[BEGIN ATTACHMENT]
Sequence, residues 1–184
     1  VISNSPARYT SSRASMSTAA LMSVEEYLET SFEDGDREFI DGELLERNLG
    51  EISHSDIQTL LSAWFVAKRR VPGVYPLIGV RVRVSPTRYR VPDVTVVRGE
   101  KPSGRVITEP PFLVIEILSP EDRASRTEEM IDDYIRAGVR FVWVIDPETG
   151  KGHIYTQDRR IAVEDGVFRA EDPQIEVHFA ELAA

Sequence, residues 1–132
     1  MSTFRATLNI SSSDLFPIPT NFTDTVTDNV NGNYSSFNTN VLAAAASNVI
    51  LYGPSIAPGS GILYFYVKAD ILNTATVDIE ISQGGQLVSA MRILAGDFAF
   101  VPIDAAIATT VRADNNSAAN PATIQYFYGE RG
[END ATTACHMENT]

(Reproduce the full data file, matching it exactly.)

Sequence, residues 1–184
     1  VISNSPARYT SSRASMSTAA LMSVEEYLET SFEDGDREFI DGELLERNLG
    51  EISHSDIQTL LSAWFVAKRR VPGVYPLIGV RVRVSPTRYR VPDVTVVRGE
   101  KPSGRVITEP PFLVIEILSP EDRASRTEEM IDDYIRAGVR FVWVIDPETG
   151  KGHIYTQDRR IAVEDGVFRA EDPQIEVHFA ELAA

Sequence, residues 1–132
     1  MSTFRATLNI SSSDLFPIPT NFTDTVTDNV NGNYSSFNTN VLAAAASNVI
    51  LYGPSIAPGS GILYFYVKAD ILNTATVDIE ISQGGQLVSA MRILAGDFAF
   101  VPIDAAIATT VRADNNSAAN PATIQYFYGE RG